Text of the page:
PI: For those that aren’t super familiar with your game — what are your greatest strengths?


ES: I mean I’m a great combo guard that can score the ball. I get my teammates involved, too. I’m a great shooter — and I have size, too, which helps me when I go to the basket.


PI: What are your current measurements?


ES: I’m 6’4” and about 205-210 pounds right now. I don’t know my wingspan, I just know I’m 6’4” 210.


PI: It looks like you’ve been getting leaner, have you dropped weight this past year?


ES: I actually went on a diet right when I broke my hand, like during that break, and I’ve stayed on it ever since. I’ve lost like 10-15 pounds after I started my diet so it’s been good.


PI: How have you felt it on the court?


ES: I mean, I don’t really feel any different because I’m so used to it, the weight I’m at, but I can definitely tell the difference if I look back. Like if I look back at myself before the season started I can definitely see that I’m bigger, but I’ll notice if I’m jumping, I’ll notice that I’m jumping higher and I feel better on the court because I’m looser. It’s hard to notice, because when you’re at a certain weight you’re kind of used to it, so in the moment I can’t really tell, but when I look back I can definitely see it.


PI: What do you feel you still need to improve on the most?


ES: I can still improve on my body, I can slim out even more and add some more muscle and make my motor better on the court. I can work on my defense, like my speed and agility to be able to guard the smaller/quicker guards. That would really help me.


PI: What are some underrated parts of your game you feel you don’t get enough credit for?


ES: Definitely my passing, I’ve noticed that. Like people think I’m a ball-hog, but I think I’m a very underrated passer. If you watch any of my AAU games I’m a very underrated passer, I’m very good at finding my teammates — like bigs in pick-and-roll, I’m a great passer, great lob thrower — like if you see my teammate Dillon Mitchell, I’m throwing him lobs all game. Like I’m looking for him. So I think I have great vision on the court.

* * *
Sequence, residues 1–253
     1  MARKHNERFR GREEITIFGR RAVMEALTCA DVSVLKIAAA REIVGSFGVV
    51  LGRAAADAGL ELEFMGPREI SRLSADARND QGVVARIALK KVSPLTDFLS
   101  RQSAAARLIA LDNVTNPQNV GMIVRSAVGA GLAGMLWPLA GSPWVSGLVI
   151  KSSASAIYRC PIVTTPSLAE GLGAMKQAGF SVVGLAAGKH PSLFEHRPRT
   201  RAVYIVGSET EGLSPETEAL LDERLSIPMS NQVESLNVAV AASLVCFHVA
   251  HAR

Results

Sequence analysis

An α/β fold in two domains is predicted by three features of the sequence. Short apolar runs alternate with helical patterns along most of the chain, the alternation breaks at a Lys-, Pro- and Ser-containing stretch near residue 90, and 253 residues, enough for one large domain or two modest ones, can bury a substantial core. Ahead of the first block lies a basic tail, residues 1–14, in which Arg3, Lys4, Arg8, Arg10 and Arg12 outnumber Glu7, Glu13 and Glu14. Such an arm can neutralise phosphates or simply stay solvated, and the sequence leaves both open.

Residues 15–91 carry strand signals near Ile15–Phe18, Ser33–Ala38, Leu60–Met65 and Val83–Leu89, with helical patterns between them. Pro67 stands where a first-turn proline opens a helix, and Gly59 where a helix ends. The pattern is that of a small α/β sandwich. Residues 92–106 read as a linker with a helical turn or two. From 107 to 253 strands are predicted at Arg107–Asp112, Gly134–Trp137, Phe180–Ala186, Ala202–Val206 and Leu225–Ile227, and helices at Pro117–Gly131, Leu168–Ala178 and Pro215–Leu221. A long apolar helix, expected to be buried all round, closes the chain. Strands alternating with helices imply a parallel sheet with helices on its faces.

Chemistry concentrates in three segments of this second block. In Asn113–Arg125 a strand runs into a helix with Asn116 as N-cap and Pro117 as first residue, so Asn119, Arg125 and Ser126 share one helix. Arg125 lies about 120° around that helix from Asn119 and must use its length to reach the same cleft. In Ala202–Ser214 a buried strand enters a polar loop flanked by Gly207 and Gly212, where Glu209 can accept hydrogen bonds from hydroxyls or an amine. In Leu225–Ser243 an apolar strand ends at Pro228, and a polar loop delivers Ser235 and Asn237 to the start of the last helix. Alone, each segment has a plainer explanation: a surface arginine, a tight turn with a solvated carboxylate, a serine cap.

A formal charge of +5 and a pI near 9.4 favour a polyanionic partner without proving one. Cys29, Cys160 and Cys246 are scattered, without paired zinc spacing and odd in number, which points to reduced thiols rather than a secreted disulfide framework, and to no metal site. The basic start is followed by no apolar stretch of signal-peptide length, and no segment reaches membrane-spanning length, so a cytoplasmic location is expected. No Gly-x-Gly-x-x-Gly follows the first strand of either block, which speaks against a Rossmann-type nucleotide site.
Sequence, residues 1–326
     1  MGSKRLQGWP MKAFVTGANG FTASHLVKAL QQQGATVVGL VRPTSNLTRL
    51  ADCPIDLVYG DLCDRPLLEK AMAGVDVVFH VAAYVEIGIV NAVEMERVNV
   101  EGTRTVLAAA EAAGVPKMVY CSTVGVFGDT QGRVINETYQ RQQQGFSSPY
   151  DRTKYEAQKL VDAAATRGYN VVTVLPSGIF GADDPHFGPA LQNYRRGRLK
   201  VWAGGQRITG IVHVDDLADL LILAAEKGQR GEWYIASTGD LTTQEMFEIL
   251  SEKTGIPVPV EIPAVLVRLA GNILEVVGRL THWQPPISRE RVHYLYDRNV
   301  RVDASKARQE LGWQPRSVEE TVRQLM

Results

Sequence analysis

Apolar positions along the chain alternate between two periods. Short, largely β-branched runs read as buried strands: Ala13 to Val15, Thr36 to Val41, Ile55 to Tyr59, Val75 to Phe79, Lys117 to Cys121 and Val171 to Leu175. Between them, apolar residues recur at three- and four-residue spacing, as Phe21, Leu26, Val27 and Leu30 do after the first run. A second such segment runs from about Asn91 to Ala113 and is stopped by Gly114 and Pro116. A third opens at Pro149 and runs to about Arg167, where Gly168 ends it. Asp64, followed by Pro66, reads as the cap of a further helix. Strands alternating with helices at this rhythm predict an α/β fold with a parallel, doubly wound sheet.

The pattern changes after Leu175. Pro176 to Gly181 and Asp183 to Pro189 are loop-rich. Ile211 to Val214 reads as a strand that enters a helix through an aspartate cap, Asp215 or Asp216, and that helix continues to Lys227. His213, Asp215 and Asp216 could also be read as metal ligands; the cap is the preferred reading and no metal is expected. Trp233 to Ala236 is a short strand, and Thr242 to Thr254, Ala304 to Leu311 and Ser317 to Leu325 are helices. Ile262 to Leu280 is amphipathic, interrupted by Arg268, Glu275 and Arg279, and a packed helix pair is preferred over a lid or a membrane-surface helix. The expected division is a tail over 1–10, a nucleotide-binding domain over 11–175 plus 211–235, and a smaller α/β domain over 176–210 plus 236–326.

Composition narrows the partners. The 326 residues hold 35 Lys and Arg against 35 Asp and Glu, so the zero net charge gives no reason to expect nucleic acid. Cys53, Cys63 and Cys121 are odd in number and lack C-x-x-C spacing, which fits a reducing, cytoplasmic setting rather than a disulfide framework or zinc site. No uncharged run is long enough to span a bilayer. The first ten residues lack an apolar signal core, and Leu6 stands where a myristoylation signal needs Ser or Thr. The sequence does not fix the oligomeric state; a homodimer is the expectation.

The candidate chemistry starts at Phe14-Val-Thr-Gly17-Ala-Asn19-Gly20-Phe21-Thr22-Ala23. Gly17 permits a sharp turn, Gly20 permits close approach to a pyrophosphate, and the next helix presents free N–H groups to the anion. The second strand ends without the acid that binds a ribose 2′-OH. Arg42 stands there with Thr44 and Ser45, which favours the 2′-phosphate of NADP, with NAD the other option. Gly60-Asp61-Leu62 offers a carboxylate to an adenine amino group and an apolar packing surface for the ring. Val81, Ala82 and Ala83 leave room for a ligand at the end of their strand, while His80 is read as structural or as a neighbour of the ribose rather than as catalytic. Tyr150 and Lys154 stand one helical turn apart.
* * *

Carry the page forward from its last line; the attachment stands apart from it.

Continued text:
PI: Who has been the toughest individual matchup you’ve ever faced?


ES: Definitely Emoni Bates and I would say Marvel Allen on Calvary Christian — he was a tough player to guard in the state championship. Emoni Bates of course, one of the best players in the nation, he’s just unstoppable, I mean he’s a great player. Marvel Allen is great off the dribble, he was breaking down our defense and getting inside, shooting jumpers. I don’t think he missed a jumper in the second half of our state championship game, it was tough. I think he finished with 21 points, that was a lot. Then Emoni he had 35 points on us and 45 points on us in Peach Jam, it was some tough matchups.


PI: Do you model your game after anyone in particular?


ES: I mean I don’t model myself after anybody, but I’ve definitely gotten a lot of comparisons. Like a lot of college coaches and pros have compared me to James Harden, Isaiah Briscoe, and Eric Gordon. Those are the most common comparisons I get.


PI: Describe your experience playing for Israel on their FIBA team. How eye-opening was that experience?


ES: It was a great experience and I’d love to go back. It was a great experience going back there because that was the first time I had been back since moving here full time, so it was a great experience. I got to see my older brother who I hadn’t seen in a few years. To go back and experience a different kind of competition, a different kind of skill-set, I think over here it’s more athleticism and over there it’s more skills and fundamentals. It was great to play against that kind of competition and I think I played well. I was exhausted too during that whole spurt of games, like from traveling. I don’t think I got any rest, I came back from Peach Jam and I was home for like 1-2 days and was right back on a plane to go to Israel. I didn’t get any rest time between AAU and FIBA, but I had to adjust and I think I played pretty well for the situation. It was great, I’m looking forward to going back there this summer again. I’ll be doing either U18’s or U20’s.